Insulin resistance is a very complex condition wherein a multitude of factors play a key role. There are intricate metabolic pathways and traits involved which govern the condition. Besides this, environmental and genetic factors are also a key component in the advent of insulin resistance conditions. For long, studies have been carried out to gain better insight into the health implications and underlying genetic factors. The genome-wide association studies have provided a lot of advancement in unveiling the genes behind the insulin resistance condition. There is no doubt that such huge studies would have brought multiple gene variants in the forefront that guide conditions like insulin resistance. However, in this article, we will highlight only some of the most common genetic variants having a profound impact on the condition.
Genes like TCFL2, PPARG, FTO and more are widely known to be involved in insulin resistance conditions. For this, the genes are present with one of three common types of allele variants. These mutations (or variants) in the genes alter their normal functioning leading to an imbalance in metabolic functioning and especially in pathways like insulin, glucose, and lipid metabolism. Let’s gain a better understanding of individual genes and subsequent mutation leading to insulin resistance conditions.
TCFL2 (Transcription factor 7 like 2) gene
TCFL2 gene encodes for a transcription factor which plays a key role in regulating the blood glucose balance. Any alteration in the gene encoding this factor can hugely impact this glucose homeostasis in the body of an individual leading to increase susceptibility towards insulin resistance. This mainly occurs when there is C to T variation in the gene. Therefore, individuals with TT genotypes for the TCFL2 gene will have a high risk of insulin resistance. This is known to occur mainly in response to saturated fat and not carbohydrate ingestion. An individual with a bad variation in TCFL2 also faces difficulty in weight loss. Hence, such individuals are suggested to undertake a hypo calorie and low-fat diet along with the requisite exercise regime.
FTO (Fat Mass and Obesity) gene
FTO gene is known to play a crucial role in regulating appetite, energy intake, and expenditure. Alteration in the gene encoding for FTO is known for predisposition to health conditions like insulin resistance and obesity. This mainly occurs when an individual carries T to A variation in the FTO gene. As a result of this, people with an A allele suffer from increased BMI (Body Mass Index), body fat percentage, waist circumference. Besides this, individuals with such mutations are known to be highly susceptible to insulin resistance and diabetes due to high fat intake.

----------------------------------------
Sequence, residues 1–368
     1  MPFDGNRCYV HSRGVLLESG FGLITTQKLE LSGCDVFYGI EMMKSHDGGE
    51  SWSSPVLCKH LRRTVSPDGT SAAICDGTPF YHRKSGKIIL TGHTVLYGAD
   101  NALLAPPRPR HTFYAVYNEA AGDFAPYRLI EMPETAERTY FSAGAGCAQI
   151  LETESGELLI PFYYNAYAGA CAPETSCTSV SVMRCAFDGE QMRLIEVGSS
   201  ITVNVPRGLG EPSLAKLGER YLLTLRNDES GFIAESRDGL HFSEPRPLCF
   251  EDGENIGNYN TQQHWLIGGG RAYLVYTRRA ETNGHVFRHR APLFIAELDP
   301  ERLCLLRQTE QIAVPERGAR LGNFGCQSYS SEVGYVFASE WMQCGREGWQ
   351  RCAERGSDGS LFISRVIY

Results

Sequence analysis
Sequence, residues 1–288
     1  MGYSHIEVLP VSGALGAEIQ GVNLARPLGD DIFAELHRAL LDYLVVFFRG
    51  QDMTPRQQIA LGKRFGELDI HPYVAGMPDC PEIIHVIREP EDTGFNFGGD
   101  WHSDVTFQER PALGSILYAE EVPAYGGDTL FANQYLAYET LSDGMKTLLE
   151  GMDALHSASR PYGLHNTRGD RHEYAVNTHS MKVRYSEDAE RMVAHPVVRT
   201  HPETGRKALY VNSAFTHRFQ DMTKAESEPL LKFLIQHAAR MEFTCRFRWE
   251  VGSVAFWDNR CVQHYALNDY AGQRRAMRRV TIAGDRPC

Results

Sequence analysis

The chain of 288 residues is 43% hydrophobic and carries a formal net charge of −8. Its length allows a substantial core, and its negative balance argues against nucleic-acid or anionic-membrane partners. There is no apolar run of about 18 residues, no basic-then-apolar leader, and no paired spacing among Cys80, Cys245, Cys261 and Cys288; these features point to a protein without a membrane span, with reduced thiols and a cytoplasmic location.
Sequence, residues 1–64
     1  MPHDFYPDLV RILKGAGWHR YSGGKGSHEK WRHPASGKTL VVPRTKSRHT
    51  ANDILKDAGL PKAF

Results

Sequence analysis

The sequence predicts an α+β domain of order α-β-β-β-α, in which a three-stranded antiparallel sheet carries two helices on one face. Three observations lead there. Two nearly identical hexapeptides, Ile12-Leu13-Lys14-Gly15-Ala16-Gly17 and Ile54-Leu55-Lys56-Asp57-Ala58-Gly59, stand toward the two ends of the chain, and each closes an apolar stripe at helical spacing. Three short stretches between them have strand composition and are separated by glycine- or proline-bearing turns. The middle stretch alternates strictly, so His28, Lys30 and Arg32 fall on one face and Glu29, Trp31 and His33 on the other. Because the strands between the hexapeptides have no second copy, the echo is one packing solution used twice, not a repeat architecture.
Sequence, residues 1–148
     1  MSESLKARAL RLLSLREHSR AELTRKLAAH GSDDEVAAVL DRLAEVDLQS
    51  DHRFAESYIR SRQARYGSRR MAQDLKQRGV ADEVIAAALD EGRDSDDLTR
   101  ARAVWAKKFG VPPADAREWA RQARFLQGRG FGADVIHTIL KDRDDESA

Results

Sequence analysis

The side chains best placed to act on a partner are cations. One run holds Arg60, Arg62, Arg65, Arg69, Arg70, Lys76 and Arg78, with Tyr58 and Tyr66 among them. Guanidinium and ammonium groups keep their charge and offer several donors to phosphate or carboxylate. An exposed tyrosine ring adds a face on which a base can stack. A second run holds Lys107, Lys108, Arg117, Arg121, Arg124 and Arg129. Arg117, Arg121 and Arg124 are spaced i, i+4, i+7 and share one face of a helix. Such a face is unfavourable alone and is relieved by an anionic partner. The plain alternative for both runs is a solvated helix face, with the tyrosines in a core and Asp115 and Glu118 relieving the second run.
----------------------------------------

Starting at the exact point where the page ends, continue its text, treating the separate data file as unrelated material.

PPARG (Peroxisome Proliferator-Activated Receptor) gene
PPARG gene encodes for the protein receptor which plays a role in fat metabolism within a cell. This protein is produced abundantly within fat cells and is important for the production of new fat cells. Any mutation in the gene can lead to reduced BMI and obese conditions due to reduced efficiency of the protein. This gene has three variants due to C to G alterations. Individuals with genotype CC are considered to be highly sensitive to the type of fat intake which leads to obesity and insulin resistance. Whereas, the genotype with G variations are considered to be good as they have low sensitivity towards the fat.
Like TCFL2, FTO and PPARG there are other genes such as ADBR, VDR, FABP2, HLA DQ, and more which govern the increased sensitivity towards insulin. This over a period of time if ignored can lead to diabetes or insulin resistance. That’s why knowing your genes with genetic testing, helps you know about your condition better. This way an individual can chart out their lifestyle and associated habits to prevent the predisposition to any such health issues. This becomes very critical in conditions like insulin resistance associated with PCOS, wherein females suffer hormonal imbalance leading to impaired metabolic performance.